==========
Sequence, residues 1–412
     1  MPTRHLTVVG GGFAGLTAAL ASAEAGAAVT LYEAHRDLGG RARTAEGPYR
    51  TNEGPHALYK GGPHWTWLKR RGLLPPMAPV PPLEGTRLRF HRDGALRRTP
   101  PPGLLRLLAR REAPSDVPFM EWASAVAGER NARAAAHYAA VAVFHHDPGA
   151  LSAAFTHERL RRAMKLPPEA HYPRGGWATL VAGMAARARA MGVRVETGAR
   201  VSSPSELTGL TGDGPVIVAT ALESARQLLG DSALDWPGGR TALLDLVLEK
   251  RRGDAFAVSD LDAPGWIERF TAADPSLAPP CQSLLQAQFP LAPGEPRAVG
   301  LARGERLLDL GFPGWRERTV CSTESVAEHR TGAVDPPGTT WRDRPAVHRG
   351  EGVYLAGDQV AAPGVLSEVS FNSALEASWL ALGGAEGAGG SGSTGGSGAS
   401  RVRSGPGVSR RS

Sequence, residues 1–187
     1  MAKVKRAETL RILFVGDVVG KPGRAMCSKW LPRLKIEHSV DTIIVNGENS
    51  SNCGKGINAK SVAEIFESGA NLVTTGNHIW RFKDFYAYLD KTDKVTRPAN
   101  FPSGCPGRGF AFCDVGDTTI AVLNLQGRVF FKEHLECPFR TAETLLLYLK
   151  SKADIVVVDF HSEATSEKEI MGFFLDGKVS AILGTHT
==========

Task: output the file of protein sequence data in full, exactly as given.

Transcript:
Sequence, residues 1–412
     1  MPTRHLTVVG GGFAGLTAAL ASAEAGAAVT LYEAHRDLGG RARTAEGPYR
    51  TNEGPHALYK GGPHWTWLKR RGLLPPMAPV PPLEGTRLRF HRDGALRRTP
   101  PPGLLRLLAR REAPSDVPFM EWASAVAGER NARAAAHYAA VAVFHHDPGA
   151  LSAAFTHERL RRAMKLPPEA HYPRGGWATL VAGMAARARA MGVRVETGAR
   201  VSSPSELTGL TGDGPVIVAT ALESARQLLG DSALDWPGGR TALLDLVLEK
   251  RRGDAFAVSD LDAPGWIERF TAADPSLAPP CQSLLQAQFP LAPGEPRAVG
   301  LARGERLLDL GFPGWRERTV CSTESVAEHR TGAVDPPGTT WRDRPAVHRG
   351  EGVYLAGDQV AAPGVLSEVS FNSALEASWL ALGGAEGAGG SGSTGGSGAS
   401  RVRSGPGVSR RS

Sequence, residues 1–187
     1  MAKVKRAETL RILFVGDVVG KPGRAMCSKW LPRLKIEHSV DTIIVNGENS
    51  SNCGKGINAK SVAEIFESGA NLVTTGNHIW RFKDFYAYLD KTDKVTRPAN
   101  FPSGCPGRGF AFCDVGDTTI AVLNLQGRVF FKEHLECPFR TAETLLLYLK
   151  SKADIVVVDF HSEATSEKEI MGFFLDGKVS AILGTHT